IRS Audit After Entering Streamlined Offshore Disclosure?
- 1 IRS Audit After Entering Streamlined Offshore Disclosure
- 2 2019 IRS Streamlined Audit & Going Forward
- 3 IRS Streamlined Filing & Lawyer Fees (Flat-Fee, Full-Service)
- 4 A Few Reasons Why Your Streamlined May be Audited
- 5 Willful Blindness – What Does that Mean
- 6 Reckless Disregard & Streamlined Audits
- 7 IRS Audit for Streamlined Cases
- 8 What is the 6-Year Statute?
- 9 6 Year Statute is More Complex
- 10 Even Worse…No Statute of Limitations
- 11 Golding & Golding, A PLC
IRS Audit After Entering Streamlined Offshore Disclosure?
Even if you submit to, and are accepted into the IRS Streamlined Offshore Disclosure Program, you can still be audited. And, the IRS has recently indicated that just because you entered the Streamlined Program, that will not necessarily shield you from audit.
Still, entering the program puts taxpayers in a much better position, than doing nothing at all — and risking willful penalties for reckless disregard or willful blindness (lower thresholds of willfulness, resulting from non-compliance).
IRS Audit After Entering Streamlined Offshore Disclosure
Just because your disclosure was rejected does not mean you are willful, or that you cannot remedy the submission – you can.
While it obviously doesn’t provide you with a warm and fuzzy feeling knowing you were rejected by the IRS (who likes rejection?) – and if you let your thoughts stray too far (e.g., reading fear mongering websites), you may believe that you have no chance to fix your disclosure – but that is incorrect.
By entering the Streamlined Program (aka Streamlined Domestic Offshore Procedures or Streamlined Foreign Offshore Procedures) you are voluntarily reporting foreign assets, accounts and income to the IRS.
Since you are submitting through an approved “Streamlined” Program, you are reducing the chance of a surprise audit or increased penalties.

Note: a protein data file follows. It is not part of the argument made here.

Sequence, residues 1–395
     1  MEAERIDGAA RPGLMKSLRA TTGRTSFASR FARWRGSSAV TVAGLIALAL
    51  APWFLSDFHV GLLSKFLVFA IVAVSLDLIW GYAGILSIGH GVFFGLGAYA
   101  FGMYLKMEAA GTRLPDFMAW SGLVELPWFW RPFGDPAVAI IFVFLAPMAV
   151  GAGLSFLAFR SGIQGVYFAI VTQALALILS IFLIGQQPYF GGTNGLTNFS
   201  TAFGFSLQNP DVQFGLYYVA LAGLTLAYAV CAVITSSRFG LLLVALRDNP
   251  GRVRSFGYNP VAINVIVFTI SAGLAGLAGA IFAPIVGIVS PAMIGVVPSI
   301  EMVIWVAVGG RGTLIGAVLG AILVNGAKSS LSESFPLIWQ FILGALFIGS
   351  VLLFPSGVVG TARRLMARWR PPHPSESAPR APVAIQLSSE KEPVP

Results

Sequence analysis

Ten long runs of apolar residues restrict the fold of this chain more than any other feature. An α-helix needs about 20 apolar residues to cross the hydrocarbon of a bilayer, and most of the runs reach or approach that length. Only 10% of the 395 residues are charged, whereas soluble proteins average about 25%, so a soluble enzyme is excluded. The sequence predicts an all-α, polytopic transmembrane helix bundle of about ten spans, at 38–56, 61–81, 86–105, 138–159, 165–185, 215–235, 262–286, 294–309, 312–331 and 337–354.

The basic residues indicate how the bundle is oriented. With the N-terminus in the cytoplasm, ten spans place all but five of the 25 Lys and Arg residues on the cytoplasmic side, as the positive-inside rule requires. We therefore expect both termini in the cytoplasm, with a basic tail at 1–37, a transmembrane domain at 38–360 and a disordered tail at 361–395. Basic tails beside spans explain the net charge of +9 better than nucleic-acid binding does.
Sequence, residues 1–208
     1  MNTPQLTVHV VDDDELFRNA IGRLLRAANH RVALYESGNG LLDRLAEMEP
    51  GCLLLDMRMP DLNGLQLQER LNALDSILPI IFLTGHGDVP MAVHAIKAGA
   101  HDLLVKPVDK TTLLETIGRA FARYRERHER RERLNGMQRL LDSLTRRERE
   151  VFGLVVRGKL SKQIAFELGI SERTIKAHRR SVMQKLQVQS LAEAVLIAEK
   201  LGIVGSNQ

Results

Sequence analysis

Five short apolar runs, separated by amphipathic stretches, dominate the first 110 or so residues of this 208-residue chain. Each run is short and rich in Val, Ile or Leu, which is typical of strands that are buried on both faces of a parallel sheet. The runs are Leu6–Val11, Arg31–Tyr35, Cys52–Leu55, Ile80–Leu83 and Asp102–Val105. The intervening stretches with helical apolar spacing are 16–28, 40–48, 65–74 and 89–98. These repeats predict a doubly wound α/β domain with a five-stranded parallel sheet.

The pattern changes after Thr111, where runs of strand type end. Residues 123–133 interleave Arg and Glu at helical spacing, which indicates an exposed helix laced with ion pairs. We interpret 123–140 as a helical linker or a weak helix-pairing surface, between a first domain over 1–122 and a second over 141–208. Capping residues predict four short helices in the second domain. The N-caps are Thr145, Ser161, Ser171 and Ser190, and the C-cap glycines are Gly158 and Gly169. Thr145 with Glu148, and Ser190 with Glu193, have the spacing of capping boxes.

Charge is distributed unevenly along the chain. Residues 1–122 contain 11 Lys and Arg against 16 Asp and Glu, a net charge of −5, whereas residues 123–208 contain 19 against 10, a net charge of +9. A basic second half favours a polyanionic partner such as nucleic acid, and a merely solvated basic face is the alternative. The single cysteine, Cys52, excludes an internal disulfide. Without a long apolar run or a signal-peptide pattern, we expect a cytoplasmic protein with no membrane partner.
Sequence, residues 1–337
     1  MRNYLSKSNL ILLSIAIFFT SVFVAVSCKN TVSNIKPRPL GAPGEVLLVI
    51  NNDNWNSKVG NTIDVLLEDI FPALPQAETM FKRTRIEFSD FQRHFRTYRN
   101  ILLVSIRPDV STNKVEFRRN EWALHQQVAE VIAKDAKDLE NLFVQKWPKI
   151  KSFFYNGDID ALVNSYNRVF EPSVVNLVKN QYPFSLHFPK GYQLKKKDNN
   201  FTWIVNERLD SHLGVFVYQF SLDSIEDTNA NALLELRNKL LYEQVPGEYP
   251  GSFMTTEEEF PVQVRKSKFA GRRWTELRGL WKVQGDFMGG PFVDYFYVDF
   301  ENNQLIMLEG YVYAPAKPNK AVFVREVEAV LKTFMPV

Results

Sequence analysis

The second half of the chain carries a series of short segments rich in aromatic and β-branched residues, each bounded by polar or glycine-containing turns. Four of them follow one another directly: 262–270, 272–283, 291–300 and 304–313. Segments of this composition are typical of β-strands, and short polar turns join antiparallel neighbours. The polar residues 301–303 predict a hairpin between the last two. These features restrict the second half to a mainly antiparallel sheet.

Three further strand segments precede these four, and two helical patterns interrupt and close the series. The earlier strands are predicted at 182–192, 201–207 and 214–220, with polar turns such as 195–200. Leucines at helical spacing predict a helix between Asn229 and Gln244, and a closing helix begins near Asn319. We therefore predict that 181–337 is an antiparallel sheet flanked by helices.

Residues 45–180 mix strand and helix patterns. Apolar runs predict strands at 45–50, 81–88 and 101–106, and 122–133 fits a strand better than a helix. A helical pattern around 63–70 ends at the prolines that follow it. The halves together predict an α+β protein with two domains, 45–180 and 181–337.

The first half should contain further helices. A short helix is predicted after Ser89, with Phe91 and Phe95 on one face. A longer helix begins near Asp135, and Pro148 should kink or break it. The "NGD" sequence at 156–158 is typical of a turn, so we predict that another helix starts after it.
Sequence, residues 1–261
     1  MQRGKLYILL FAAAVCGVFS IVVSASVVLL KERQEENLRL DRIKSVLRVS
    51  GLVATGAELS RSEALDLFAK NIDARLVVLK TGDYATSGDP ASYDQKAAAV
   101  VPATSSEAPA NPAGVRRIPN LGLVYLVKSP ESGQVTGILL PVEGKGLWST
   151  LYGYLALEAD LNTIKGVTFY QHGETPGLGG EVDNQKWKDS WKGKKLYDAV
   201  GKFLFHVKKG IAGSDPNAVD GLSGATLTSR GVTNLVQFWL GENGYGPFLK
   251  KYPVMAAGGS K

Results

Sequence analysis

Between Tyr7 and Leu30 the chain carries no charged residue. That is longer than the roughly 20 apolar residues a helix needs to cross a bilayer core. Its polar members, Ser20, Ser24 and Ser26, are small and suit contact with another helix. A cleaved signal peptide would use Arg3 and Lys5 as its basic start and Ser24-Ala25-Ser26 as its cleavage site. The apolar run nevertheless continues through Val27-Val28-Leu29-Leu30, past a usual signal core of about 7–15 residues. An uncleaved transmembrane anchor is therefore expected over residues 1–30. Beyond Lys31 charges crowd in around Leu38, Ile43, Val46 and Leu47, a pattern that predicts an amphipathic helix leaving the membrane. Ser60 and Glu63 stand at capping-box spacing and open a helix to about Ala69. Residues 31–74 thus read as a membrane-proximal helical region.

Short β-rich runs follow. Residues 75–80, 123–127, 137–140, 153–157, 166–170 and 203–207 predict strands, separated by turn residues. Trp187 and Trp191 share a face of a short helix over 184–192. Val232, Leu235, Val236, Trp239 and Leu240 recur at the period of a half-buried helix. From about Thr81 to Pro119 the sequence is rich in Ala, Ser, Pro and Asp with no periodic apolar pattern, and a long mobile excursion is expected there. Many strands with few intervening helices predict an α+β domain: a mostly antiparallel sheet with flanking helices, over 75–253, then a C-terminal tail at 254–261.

It is important to keep in mind that even though you have made a “safe” and “legal” disclosure, your Streamlined submission can still be audited.
2019 IRS Streamlined Audit & Going Forward
If your Streamlined Procedures submission is “rejected” that is different than if the submission is audited:
IRS Streamlined Audit
A Streamlined Audit means your Streamlined Disclosure submission was audited. On its face, this does not mean the submission is bad or wrong — people get audited all the time.
But you need to speak with experienced counsel to get the “lay of the land.”
IRS Streamlined Filing & Lawyer Fees (Flat-Fee, Full-Service)
All Streamlined and Reasonable Cause cases should be Flat-Fee, Full-Service for both Tax and Legal.
This is simple: While not everyone gets audited. It is impossible to know if you will be audited, but if you are, it can be a very costly.
Since the Statute of Limitations can be 6-years (or longer), who wants to be surprised 2-years later when your Attorney wants to charge you hourly for audit representation.
A Few Reasons Why Your Streamlined May be Audited
There are many reasons why your Streamlined Disclosure may be audited. Sometimes it is bad luck, and sometimes it is more than that.
Was Your CPA’s Practice Audited?
CPA firms get audited. Sometimes, the OPR (Office of Professional Responsibility) audits CPA and other Accountant firms to asses overall compliance. I
Will the Kovel Letter Protect You?